Personally, I couldn’t say exactly what I think we would or wouldn’t do, as I don’t think I’ll know for sure unless we’re in that situation (which I really hope we won’t be).

But if we are, I’d like to think that we’d choose the option we believed to be the kindest for the child, even if that meant choosing termination.

This is a really sensitive topic, so if you would like to comment please feel free to do so, but I ask that you be respectful, given that people will have mixed views and beliefs on this issue, and all thoughts and ideas are valid so long as they are not intended to dismiss or insult the thoughts or views of others.

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9 Replies to “Don’t Talk About Termination”

  1. I have the same views on pregnancy termination. I am pro-choice and believe each woman should make the choice that is best for her (and also that no governing body should be able to tell a woman what she can or can’t do with her body) but I wouldn’t choose it for myself. It’s so sad that women are shamed for needing to terminate regardless of the reason. I know women who have been raped and got pregnant as the result, women who needed to terminate because of major defects and women who decided it wasn’t the right time for them to be parents. We don’t talk about it because of the shame that is associated with it. As far as having the decision to terminate based on there being a problem with the fetus or health/safety concerns for the mother, I think each family needs to decide what is best for them. This is a very important and relevant topic, so thank you for writing about it and sharing your personal experience.

    1. Thanks Lecy, there really are so many different scenarios out there that it just doesn’t make sense for a “one size fits all” model when it comes to making decisions like this.

  2. I honestly can’t say what I’d do. I’ve never been in that position before and I think you can’t say what you’d do until you’re actually faced with the situation. I’m pro-choice – I believe everyone has the right to make the decision that is best for them. It isn’t up to me what someone else does with their body. And it shouldn’t be up to anyone else what I do with my body.
    I can’t say I can’t imagine having to make such a difficult decision. I’m not sure how I could handle that. It’s scary the things life puts us through and I’m sorry you’re having to go through it.

  3. Yes, I agree it’s a decision not to be taken lightly, but given the circumstances you find yourselves in I would arrive at the same conclusion you have Dominique. It really goes being beyond pro-choice or Pro-life but deciding what is best for your circumstances. I think there should be more discussion on what choices couples make and the reasons driving the choices. You should not be ashamed to talk about it, in the end it’s your decision and I would expect that it be respected as such.

    1. Thanks Annmarie, I agree that perhaps if there was a bit more discussion, and perhaps awareness of the reasons behind making these decisions that there could be less shame and stigma attached to the topic. There are so many factors, that every scenario is going to be complex, and unfortunately, there isn’t just a simple way of making a decision such as this x

  4. I would really urge people to re-consider what they think about it, because I really don’t think you can fully comprehend what it means until you are in the situation where you have to make the decision yourself.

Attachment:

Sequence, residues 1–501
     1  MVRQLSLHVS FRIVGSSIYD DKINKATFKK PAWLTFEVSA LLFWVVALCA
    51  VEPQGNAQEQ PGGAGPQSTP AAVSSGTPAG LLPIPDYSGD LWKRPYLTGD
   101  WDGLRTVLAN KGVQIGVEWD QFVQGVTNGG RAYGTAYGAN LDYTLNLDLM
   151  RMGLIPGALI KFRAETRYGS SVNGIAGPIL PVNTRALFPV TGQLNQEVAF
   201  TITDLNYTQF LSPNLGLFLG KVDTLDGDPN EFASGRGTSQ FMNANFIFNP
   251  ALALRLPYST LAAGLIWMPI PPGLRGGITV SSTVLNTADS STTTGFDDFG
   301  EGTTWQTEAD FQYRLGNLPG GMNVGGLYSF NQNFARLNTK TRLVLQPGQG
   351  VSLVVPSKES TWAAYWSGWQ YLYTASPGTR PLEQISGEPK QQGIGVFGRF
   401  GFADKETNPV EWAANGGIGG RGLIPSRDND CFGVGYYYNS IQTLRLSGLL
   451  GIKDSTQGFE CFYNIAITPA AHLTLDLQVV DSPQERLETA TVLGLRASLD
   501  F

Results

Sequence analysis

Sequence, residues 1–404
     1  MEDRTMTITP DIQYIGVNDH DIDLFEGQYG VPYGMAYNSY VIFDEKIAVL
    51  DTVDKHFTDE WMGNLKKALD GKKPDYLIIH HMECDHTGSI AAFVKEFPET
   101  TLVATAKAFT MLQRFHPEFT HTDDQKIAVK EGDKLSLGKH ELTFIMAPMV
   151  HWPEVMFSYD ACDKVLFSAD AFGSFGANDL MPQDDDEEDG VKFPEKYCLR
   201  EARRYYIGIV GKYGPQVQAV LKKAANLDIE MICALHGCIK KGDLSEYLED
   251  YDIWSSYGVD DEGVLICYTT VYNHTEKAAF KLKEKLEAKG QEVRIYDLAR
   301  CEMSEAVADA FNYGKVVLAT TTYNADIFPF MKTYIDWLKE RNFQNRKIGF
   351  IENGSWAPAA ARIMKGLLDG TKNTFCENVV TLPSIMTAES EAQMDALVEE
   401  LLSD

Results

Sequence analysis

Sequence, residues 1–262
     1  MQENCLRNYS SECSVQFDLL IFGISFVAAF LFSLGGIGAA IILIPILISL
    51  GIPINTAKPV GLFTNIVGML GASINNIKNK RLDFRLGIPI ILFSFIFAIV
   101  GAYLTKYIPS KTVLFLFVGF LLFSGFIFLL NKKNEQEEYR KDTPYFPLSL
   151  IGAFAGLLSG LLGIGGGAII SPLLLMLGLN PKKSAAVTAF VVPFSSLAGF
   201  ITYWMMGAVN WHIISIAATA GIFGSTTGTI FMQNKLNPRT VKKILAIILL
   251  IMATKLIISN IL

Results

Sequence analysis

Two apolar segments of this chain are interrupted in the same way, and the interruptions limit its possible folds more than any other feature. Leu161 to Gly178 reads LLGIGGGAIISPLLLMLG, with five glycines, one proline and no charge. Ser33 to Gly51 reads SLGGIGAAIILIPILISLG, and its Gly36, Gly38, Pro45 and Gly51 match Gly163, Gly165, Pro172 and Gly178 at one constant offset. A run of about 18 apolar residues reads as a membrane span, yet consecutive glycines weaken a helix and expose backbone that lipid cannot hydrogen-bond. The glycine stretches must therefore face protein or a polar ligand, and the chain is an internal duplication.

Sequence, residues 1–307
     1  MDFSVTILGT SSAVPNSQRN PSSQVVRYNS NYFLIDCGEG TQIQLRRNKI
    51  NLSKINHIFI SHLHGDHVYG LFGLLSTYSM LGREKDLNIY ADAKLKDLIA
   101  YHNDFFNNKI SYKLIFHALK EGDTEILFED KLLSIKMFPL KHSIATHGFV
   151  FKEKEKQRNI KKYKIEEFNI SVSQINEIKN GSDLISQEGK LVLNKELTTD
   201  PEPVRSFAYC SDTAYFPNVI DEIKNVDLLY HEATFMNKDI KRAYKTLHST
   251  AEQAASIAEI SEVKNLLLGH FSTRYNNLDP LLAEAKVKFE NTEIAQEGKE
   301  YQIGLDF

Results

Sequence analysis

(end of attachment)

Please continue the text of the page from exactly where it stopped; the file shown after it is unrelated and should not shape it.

This.

    I had a friend who recently had to make this incredibly difficult and gut-wrenching decision because of chromosomal defects and the fact that her child wouldn’t love long after birth and my heart ached for her. I’m pro choice myself but this is really one left to the parents who are in these difficult scenarios. Thank you for shedding light and helping to reduce the stigma.

    1. Charlotte – thanks for your comments, and I’m so sorry to hear that your friend had to go through this too x

  5. I didnt think I could ever go through with a termination, until I was faced with the situation. Having become accidentally pregnant, whilst on a big holiday (which involved way too much heavy drinking) and although in a loving, committed relationship, the relationship was still very new and although initially we decided to go through with it, we knew deep down that we were not in the right position for a variety of reasons to be parents, not to mention the potential health effects of drinking during pregnancy. Was it hard? Definitely, and I still get upset thinking about it today. Do I regret it? Definitely not. It was the right thing to do for us at the time.

    Two of my friends had terminations around the same time. One due to chromosomal abnormalities in the baby, one for her own personal reasons. We all talk about our terminations a lot, in a non-judgemental way, to support each other. Even though we all had different reasons, it doesnt take away from how difficult a decision it is and how much it affects your body for weeks afterwards. I am eternally grateful to those women for their support and love

    1. Anonymous friend, thanks so much for sharing your story, and I’m sorry you have had to experience this difficult decision. Saying that you didn’t think you could go through with it until you were faced with the situation rings so true for me. I honestly didn’t think I could either until I was in a position where I knew that could be a reality for us.

      I’m not sure there are exactly any words that can express just how heartwrenching it is to make a decision such as that, and I am sure you and the friends of yours that you mentioned did what they thought was the best thing to do in their circumstances. It is comforting to know that there are others who have faced this same scenario and are able to be supportive and non-judgemental too.